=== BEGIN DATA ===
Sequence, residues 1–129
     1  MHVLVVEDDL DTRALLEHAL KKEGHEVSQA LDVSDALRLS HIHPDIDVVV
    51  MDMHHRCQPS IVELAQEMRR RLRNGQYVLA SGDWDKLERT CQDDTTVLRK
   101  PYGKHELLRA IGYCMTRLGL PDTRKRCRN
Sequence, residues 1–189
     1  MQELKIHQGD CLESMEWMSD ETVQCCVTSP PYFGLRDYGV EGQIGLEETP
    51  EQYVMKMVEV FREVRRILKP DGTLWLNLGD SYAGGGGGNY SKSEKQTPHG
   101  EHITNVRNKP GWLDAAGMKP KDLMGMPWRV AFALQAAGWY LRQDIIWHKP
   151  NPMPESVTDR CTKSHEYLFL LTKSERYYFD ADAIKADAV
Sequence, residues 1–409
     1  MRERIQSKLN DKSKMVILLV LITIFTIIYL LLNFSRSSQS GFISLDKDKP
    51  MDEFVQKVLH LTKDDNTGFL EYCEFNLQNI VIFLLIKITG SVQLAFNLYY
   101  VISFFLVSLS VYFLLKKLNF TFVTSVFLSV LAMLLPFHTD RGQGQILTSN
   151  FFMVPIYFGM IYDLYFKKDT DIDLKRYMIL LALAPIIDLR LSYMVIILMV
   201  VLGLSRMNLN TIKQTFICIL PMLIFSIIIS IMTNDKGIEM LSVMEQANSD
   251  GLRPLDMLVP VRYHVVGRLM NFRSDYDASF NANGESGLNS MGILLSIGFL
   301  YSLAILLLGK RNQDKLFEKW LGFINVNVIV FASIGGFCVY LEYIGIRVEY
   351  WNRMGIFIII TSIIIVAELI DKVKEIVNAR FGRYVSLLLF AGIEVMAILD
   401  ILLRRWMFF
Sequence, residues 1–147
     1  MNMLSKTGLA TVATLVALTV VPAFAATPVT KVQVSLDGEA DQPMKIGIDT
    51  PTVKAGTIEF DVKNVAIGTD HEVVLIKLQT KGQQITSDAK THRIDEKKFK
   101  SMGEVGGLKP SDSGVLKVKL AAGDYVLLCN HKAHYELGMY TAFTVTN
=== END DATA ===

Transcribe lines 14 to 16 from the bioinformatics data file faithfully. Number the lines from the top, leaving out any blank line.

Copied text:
   151  FFMVPIYFGM IYDLYFKKDT DIDLKRYMIL LALAPIIDLR LSYMVIILMV
   201  VLGLSRMNLN TIKQTFICIL PMLIFSIIIS IMTNDKGIEM LSVMEQANSD
   251  GLRPLDMLVP VRYHVVGRLM NFRSDYDASF NANGESGLNS MGILLSIGFL